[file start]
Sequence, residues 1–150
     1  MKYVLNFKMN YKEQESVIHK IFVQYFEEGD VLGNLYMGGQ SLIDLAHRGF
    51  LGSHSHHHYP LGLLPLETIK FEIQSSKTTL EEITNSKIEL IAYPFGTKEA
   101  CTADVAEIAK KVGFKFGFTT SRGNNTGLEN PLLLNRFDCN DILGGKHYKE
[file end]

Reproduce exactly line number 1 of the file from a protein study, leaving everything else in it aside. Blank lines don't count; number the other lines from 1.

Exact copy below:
Sequence, residues 1–150